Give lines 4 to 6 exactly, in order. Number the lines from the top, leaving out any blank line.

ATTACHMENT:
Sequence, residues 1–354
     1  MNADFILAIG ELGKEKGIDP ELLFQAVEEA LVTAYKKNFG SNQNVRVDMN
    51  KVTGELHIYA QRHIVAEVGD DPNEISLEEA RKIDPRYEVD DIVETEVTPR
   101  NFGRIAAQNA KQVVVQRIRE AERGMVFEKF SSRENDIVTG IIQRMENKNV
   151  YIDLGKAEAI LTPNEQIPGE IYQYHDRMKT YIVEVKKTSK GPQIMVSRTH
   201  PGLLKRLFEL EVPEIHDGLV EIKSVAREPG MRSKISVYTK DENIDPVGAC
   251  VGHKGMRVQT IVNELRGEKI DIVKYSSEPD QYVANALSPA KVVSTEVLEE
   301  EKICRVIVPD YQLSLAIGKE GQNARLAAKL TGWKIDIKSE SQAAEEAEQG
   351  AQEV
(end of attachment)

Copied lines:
   101  NFGRIAAQNA KQVVVQRIRE AERGMVFEKF SSRENDIVTG IIQRMENKNV
   151  YIDLGKAEAI LTPNEQIPGE IYQYHDRMKT YIVEVKKTSK GPQIMVSRTH
   201  PGLLKRLFEL EVPEIHDGLV EIKSVAREPG MRSKISVYTK DENIDPVGAC